Riding with Marcos

Granada market street, cards and people

Nicaragua is the first Latin American country I have visited in which I relied even somewhat heavily upon private car service to get around, as opposed to public buses, colectivos, Uber, taxis, or whatever other forms of transportation are potentially available in any given place. I didn’t plan it that way, but that’s how it worked out, and I’m glad for it. On a lark, I contacted a Nicaraguan through WhatsApp prior to my arrival after coming across his number on a TripAdvisor forum thread. Contacting Servicio de Carro “Marcos” and utilizing car service in Nicaragua to get around some would end up being a great decision and would help shape the tone of the trip in a positive way right from the get go.

I knew I was going to be attempting to cross the border between Costa Rica and Nicaragua on a Saturday night on foot. Having never done it before, and with a lack of info out there on the interwebs – including how late one can cross, how to get to the crossing by bus, and so on – I felt fortunate enough to happen upon a discussion on TripAdvisor in which one of the users disclosed the phone number of a Nicaraguan driver she trusts to cart her around when she’s in the country.

Now, after having had personal dealings with that individual, I can see why she relies on him. I contacted Marcos Peralta from the US ahead of my trip to Nicaragua utilizing WhatsApp. He was incredibly responsive and priced out a trip from the Nicaraguan side of Peñas Blancas to Playa Gigante, a distance approaching 70km according to Google Maps.

With the initial details arranged, I would end up messaging with him from Costa Rica once there in preparation for our meeting in Nicaragua later. Ultimately on Saturday, the day of, I would end up messaging with Marcos while busing it from San José to Liberia, then Liberia to Peñas Blancas on the Costa Rican side, then successfully crossing the border on foot (more on that in another article).

Things went off without a hitch, and with a photo that he sent me ahead of time and one I sent him, we were able to identify each other once I was finally through the various checkpoints and in Peñas Blancas, Nicaragua. By that point, again a Saturday night around 8pm when all was said and done, there were no more buses running for the evening. Uber does not operate in Nicaragua at all. There were some taxi drivers about, but suffice to say I was glad to have already sorted out my transportation.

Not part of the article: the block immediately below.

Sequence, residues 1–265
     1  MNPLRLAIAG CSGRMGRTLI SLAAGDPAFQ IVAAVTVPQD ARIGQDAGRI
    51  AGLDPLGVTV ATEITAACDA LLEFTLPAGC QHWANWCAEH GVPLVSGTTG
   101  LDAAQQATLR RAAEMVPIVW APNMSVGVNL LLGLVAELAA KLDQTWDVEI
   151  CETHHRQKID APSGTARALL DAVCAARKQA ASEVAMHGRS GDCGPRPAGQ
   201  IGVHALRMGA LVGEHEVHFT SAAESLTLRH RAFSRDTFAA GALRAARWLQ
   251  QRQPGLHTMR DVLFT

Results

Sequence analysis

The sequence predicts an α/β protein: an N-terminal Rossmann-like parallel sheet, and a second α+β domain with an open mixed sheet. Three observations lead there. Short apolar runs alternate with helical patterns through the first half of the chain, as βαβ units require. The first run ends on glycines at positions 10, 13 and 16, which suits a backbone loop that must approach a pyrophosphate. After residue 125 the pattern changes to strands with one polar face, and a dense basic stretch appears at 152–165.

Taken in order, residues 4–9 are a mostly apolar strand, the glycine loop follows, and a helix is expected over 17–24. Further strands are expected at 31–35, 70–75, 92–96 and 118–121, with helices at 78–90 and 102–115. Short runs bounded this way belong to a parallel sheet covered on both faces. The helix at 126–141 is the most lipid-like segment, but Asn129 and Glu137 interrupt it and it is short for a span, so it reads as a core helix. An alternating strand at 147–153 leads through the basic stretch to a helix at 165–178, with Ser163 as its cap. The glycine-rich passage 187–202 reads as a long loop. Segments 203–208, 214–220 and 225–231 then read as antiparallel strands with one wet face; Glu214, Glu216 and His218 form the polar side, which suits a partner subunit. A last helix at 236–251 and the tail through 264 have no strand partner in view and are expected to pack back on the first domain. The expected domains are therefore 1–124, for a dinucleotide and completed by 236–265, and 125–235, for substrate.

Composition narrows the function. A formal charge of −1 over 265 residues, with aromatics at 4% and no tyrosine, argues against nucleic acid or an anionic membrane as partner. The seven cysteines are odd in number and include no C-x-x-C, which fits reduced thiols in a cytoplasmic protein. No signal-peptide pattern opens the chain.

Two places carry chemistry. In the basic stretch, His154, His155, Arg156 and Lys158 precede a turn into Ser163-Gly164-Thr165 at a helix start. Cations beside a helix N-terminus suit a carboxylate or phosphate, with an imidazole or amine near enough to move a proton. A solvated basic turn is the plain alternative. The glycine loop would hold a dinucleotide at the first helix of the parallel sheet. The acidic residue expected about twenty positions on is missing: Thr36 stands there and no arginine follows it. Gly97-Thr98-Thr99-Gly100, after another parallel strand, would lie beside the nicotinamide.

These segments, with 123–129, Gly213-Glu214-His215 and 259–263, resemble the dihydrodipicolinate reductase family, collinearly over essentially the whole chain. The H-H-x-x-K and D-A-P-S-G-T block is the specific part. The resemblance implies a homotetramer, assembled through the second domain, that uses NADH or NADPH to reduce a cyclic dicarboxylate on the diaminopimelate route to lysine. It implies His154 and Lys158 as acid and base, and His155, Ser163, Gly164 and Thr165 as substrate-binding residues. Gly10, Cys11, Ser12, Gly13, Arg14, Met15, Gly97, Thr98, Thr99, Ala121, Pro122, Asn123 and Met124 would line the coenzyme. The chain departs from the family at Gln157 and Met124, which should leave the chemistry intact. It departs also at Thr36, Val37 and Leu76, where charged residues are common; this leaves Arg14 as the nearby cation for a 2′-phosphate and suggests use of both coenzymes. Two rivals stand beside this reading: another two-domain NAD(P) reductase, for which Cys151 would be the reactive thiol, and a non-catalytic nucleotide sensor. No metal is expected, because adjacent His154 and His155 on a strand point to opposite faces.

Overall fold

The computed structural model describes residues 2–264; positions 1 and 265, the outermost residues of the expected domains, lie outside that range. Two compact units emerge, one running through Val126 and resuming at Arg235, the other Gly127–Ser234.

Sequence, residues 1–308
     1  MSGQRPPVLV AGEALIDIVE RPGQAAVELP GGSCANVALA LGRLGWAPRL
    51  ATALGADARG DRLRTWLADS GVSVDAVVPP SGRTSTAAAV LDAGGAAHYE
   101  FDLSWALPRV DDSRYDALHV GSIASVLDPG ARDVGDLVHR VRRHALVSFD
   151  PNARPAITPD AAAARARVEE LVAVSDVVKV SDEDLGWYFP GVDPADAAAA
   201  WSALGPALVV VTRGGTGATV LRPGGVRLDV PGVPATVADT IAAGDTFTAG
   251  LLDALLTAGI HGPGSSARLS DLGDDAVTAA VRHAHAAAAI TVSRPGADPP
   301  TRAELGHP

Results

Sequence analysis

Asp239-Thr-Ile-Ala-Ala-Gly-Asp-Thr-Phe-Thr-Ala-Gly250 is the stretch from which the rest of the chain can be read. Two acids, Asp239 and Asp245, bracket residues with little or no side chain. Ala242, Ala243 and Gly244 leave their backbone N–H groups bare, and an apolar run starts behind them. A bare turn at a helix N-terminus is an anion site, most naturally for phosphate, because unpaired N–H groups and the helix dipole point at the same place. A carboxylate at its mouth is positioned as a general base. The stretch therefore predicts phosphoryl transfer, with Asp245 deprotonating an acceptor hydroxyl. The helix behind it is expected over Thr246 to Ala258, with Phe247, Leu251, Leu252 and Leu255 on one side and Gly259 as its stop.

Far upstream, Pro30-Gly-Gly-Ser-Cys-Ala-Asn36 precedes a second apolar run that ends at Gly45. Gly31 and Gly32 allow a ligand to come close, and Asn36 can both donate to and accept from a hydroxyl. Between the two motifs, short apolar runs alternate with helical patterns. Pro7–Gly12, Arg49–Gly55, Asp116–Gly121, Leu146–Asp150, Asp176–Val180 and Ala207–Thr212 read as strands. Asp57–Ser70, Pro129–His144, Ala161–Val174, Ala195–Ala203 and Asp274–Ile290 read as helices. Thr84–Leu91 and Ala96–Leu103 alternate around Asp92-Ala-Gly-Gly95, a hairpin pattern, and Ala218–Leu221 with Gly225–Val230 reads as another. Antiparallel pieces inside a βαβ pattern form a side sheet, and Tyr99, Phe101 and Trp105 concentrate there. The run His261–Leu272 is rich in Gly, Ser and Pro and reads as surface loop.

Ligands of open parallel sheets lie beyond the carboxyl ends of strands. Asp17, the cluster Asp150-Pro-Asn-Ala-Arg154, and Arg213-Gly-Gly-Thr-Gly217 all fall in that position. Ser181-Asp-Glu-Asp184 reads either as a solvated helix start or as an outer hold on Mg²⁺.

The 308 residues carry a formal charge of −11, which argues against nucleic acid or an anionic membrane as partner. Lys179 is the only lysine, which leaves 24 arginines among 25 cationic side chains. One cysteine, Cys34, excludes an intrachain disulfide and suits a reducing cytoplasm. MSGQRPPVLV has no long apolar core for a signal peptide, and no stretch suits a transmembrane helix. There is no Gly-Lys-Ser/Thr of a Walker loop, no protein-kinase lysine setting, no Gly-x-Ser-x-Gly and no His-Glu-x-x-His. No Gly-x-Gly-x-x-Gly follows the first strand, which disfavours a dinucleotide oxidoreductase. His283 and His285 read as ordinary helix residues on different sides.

It was a relief to be able to toss my bags in the car and sit back and relax after a really long day of travel that began before 5am. Marcos took off down the highway and I got to begin taking in the country. We would have some interesting conversation during that drive and he would get me safely to my cabaña in Playa Gigante.

I would end up scheduling two more trips with Marcos: one to get me out of Playa Gigante and to San Jorge for the ferry to the island of Ometepe, and one to transport me from San Jorge on up to the colonial city of Granada. After that, I’d be renting a car to help me get to my remaining destinations.

The roads in Nicaragua are good and the country has transportation means, but riding with Marcos made sense for a couple of reasons:

  1. I was short on time. Unfortunately, I didn’t have as much time as I would have liked in Nicaragua – only about ten days. Additionally, I was going to be changing locations every two nights or so. Car service would enable me to do that and still cram quite a bit into my itinerary. The alternative would have been to take the local chicken buses (after figuring them out), on their schedule, and give up some of my itinerary in the process. I wasn’t willing to do that this time around.
  2. I wasn’t interested in caring and paying for a rental car the whole time. There would be days I wouldn’t be moving around and destinations that weren’t that conducive to being saddled with the responsibility of having one. With car service, I didn’t have to be.
  3. Flexibility was important, including the ability to move about at odd hours or to make stops, like at a bank or grocery store.

If I had been able to dedicate my typical three-week expedition to Nicaragua alone, I probably would have jumped on quite a few more buses and I’d recommend doing that to anyone with the time and interest. As it was, though, my experience with the buses in Nicaragua remained limited to those on Ometepe, and they were great.

However, I feel lucky to have made Marcos’s acquaintance. He helped make the beginning of my time in his country smooth, and that carried me through the rest of my visit. What’s more, by the time he showed up for our second trip together, I realized that he is incredibly responsible, efficient, punctual, courteous, and professional by any standards, no matter the country or culture. He is the kind of person that you want to hire and pay for his time and labor, doing things the way they ought to be done; it’s just that simple. I envision him running a fleet of vans one day, but for now, it’s just him and his car.

Marcos services the border and areas to the north in the western half of Nicaragua, although I get the feeling he might consider any proposed trip. As his pricing is highly dependent upon conditions on the ground, I will refrain from posting what I paid him for the trips I took. You’ll have to settle that with him directly.

Also, I recommend you brush up on your Spanish. You can reach Marcos by WhatsApp or phone pretty much anytime, but he’s got a family, so try to keep that in mind: +505.8702.5548

I can’t recommend him enough.